WASHINGTON: Microsoft said yesterday it will close its stores around the world, moving its retail operations online and keeping only four locations that will be transformed into “experience centres.”
The move means the estimated 100 Microsoft stores closed due to the coronavirus pandemic will not reopen as the tech giant enters “a new approach to retail,” according to a statement.
“Microsoft will continue to invest in its digital storefronts on Microsoft.com, and stores in Xbox and Windows, reaching more than 1.2 billion people every month in 190 markets,” the statement said.
The four locations that will become Microsoft Experience Centres are in London, New York, Sydney and at the company’s Redmond, Washington headquarters.
A source with knowledge of Microsoft’s retail operations said this plan was originally in place for next year, but was accelerated by the Covid-19 pandemic. Microsoft’s Xbox Series X is launching this holiday, so it makes sense that the company had at least initially planned for the stores to make it that far. The dual-screen Surface Neo device that was also going to ship during the holidays has been delayed, though the Surface Duo is apparently still on track for this year.
Since many Microsoft stores are in shopping centres and malls, the continued closure hasn’t stood out as unusual. In US states that are taking a cautious approach to restoring retail operations – to avoid a resurgence of coronavirus – most malls remain closed.
In April, Microsoft outlined in a blog post how many retail store associates had shifted to remote work after their everyday jobs were sidelined. The company has continued to provide regular pay for team members through the pandemic.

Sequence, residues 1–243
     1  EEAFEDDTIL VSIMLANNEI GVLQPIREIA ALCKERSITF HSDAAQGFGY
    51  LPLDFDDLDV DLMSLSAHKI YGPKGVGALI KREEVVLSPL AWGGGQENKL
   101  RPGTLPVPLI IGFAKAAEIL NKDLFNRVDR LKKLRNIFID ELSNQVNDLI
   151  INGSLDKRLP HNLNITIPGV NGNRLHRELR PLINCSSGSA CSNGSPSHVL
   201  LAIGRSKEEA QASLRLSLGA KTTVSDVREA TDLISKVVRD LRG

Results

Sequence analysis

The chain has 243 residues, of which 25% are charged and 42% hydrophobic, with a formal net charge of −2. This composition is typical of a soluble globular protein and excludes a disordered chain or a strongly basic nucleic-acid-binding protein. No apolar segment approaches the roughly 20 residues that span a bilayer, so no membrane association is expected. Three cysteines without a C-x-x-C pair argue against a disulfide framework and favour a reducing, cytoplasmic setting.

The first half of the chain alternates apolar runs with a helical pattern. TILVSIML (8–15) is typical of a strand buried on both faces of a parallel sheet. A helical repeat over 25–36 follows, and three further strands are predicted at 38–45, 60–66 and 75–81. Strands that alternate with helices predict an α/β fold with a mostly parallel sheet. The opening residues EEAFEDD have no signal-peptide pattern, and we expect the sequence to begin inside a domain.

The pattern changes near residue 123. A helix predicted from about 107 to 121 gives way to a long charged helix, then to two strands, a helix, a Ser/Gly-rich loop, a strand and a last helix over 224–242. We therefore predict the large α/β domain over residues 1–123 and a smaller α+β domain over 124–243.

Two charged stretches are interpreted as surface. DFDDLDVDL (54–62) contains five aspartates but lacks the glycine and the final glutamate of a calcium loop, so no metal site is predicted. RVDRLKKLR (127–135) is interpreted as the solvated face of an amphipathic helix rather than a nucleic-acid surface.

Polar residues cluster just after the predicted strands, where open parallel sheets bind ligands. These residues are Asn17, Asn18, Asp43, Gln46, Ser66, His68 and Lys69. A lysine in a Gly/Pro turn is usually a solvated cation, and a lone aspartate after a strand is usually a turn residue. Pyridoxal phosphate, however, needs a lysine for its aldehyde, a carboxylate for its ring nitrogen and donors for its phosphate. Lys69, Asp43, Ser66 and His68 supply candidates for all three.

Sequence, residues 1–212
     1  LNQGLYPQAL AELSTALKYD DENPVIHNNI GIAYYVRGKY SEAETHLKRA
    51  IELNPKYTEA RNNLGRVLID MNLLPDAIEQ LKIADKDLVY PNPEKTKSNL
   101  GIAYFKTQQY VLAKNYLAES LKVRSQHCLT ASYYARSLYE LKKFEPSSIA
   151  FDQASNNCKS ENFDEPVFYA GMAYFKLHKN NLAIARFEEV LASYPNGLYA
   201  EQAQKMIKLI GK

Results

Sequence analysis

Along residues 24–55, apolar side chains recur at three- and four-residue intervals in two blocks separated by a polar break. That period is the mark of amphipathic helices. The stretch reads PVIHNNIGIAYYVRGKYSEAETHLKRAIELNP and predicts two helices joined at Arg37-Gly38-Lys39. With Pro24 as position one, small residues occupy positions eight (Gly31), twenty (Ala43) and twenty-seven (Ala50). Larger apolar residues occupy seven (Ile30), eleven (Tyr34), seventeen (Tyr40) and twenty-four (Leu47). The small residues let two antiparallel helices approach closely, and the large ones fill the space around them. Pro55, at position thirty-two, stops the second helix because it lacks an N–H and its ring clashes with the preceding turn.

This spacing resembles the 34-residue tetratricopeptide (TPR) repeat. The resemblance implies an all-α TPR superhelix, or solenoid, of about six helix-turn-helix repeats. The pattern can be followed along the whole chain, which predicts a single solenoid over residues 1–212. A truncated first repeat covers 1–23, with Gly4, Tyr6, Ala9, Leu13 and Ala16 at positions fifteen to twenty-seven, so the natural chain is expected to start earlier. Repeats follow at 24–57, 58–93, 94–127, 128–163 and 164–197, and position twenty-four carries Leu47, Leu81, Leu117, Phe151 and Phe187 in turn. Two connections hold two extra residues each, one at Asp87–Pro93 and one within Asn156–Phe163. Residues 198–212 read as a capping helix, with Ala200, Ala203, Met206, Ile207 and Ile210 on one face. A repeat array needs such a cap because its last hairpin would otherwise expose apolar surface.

Retail team members will “serve customers from Microsoft corporate facilities and remotely providing sales, training, and support,” the company said.
Microsoft said it will set aside $450 million to cover the costs of closing the locations.
“Our sales have grown online as our product portfolio has evolved to largely digital offerings, and our talented team has proven success serving customers beyond any physical location,” said Microsoft corporate vice president David Porter.
“We are grateful to our Microsoft Store customers and we look forward to continuing to serve them online and with our retail sales team at Microsoft corporate locations.”
Microsoft in recent years has been relying more on its enterprise services such as cloud computing, with the retail locations focusing on its Surface tablets and laptops as well as Xbox gaming gear. But the physical stores failed to gain the momentum of rival Apple.
Independent technology analyst Neil Cybart said the closings are coming because “the Surface business increasingly looks to be losing momentum in the consumer space.”
The Microsoft Store debuted in 2009 and closely adhered to Apple’s successful retail playbook. Each store is a showcase for the company’s Surface and Xbox hardware, plus a selection of third-party PCs. Employees were well-versed in all things Windows, and the company also offered in-store events, workshops, customer service, and repairs.
The stores were closed even before Microsoft’s latest hardware release cycle that included the Surface Book 3, Surface Go 2, Surface Earbuds, and Surface Headphones 2.